My Working World: O is for…
It’s time for another in the occasional series looking at places I’ve worked around the world. We’ve covered the first half of the alphabet in the past couple of years and if you want to read any of the former posts, you will find them behind the appropriate letter below.
But today we are moving on to O, which is proving to be a bit of a problem. There’s only one country in the world beginning with O, and I’ve never visited Oman, although I did once meet someone who claimed to be a former soldier who was training the Sultan’s troops.
According to Wikipedia, there are just shy of 100 cities around the world with more than 100,000 residents, which begin with O. I used to live in Olinda Road in Hackney, but never visited its namesake during my trips to Brazil. I’ve been to a couple of conferences in Oxford, and provided a day’s consultancy to a government laboratory on the outskirts, but that’s about it. And I once visited Oslo in winter, finding it fascinating that daybreak was about 11am and sunset around 2pm. So, I’m afraid this month’s memory is going to be leisure-related, although it arose out of a business trip.
One of the best projects I worked on before ‘giving up the day job’ to write full-time, was as an Education Adviser to an industry association. Most of the work was done from my desk in Devon, but a few weeks each year, I would travel to the US or major cities in Europe for conferences. And it was during one of the US trips, to Florida, that my colleague and friend, Ginger, suggested we take a side trip to Orlando, to spend a day in the Universal Studios theme park. With no kids of my own, I’d never been to a theme park, and jumped at the chance.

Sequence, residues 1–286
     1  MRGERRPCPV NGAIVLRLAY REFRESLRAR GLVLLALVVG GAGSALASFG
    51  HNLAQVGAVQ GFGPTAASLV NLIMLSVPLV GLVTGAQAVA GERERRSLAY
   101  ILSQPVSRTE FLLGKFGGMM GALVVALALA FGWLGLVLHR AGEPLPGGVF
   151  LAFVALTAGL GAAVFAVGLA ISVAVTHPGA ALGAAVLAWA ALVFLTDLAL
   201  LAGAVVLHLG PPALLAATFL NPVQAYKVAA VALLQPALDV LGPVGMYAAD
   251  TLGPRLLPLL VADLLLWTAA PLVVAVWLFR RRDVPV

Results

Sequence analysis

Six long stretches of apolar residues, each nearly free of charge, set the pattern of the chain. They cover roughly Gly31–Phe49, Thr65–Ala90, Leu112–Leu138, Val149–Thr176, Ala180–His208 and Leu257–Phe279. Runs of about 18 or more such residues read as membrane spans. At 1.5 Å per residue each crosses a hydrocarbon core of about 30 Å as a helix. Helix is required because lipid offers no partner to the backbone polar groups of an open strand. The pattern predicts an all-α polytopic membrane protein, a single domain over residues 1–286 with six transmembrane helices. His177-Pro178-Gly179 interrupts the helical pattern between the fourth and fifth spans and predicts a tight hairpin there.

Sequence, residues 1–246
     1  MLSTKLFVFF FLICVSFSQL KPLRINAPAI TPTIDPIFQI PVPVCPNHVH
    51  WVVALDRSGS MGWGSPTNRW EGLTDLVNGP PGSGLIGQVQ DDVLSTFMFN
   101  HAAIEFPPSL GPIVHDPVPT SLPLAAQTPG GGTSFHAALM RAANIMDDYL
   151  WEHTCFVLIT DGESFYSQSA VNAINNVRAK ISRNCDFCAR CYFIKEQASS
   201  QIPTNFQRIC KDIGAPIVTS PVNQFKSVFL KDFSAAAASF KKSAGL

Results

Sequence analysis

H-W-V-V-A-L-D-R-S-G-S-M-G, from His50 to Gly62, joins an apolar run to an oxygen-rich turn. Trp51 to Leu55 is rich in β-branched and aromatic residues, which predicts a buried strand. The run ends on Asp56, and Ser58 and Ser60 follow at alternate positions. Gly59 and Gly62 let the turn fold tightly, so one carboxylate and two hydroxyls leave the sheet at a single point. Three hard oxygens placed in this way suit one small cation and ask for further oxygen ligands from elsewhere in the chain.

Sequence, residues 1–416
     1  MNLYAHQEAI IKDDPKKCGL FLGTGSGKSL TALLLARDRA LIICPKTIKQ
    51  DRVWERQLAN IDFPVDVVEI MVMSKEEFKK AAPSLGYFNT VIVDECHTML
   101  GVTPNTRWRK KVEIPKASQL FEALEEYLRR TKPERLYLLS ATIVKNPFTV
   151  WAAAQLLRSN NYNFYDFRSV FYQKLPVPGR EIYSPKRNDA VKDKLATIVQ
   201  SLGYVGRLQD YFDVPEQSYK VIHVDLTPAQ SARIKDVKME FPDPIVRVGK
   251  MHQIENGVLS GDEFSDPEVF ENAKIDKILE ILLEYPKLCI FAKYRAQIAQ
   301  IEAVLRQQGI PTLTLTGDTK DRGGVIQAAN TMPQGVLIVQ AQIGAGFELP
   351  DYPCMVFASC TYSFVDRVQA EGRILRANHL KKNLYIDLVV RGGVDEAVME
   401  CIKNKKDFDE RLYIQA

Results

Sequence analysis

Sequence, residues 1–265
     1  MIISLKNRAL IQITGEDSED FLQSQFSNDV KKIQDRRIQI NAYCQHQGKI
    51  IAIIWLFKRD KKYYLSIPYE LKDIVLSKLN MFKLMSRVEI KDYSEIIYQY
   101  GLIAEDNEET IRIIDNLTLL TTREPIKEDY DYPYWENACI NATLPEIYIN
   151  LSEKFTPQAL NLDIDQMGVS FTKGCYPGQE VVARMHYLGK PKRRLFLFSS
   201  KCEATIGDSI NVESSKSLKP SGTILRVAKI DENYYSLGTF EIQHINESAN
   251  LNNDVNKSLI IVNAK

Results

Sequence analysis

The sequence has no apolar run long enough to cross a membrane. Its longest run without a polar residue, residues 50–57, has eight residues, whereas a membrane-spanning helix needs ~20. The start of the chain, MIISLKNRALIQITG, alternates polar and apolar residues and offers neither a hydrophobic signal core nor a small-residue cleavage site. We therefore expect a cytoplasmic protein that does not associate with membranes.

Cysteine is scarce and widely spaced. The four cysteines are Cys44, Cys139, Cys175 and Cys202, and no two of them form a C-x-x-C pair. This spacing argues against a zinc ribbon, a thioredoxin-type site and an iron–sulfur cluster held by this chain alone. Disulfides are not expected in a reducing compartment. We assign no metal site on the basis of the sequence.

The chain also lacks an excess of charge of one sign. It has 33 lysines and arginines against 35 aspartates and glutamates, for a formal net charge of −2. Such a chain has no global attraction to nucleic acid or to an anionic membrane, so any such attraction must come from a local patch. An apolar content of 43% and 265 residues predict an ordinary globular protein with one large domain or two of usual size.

And it was the best—and scariest—day ever.
This was more than ten years ago, so many of the attractions have probably changed. We took the Jurassic Park ride, complete with stomach-churning water slide to escape the T-Rex. We shot at aliens with the Men in Black. At least, I did. Ginger hates guns and wouldn’t participate—which meant our score was way below average, but who cares? We sang along with the Blues Brothers at their outdoor concert. And we ate hamburgers in a 1950s diner.
Of course, the big attraction at the time was the Harry Potter exhibit. We drank butter beer—which was interesting, but not something I would develop a taste for. We wandered along Diagon Alley; and queued for ages to get into Hogwarts, before finally reaching the ride. And that’s when I realised how much I hated roller coasters! My head knew I was sitting in a static cabin, being shaken around while a film played in front of me. But the rest of me was convinced I was on a broomstick flying around the Quidditch field and surrounding countryside, in danger of falling off, or at least losing my shoes! I kept my eyes screwed tightly shut throughout!
But it was a glorious day, where two middle-aged women let their inner children out to play.
We were just about to head for the car park and home when we spotted a sign for The Simpsons—and couldn’t resist just one more ride. “Is this as scary as Harry Potter?” I asked the attendant before committing myself. “Oh no, this is nothing like that,” he said. “You’ll be fine!”
Reader, he lied!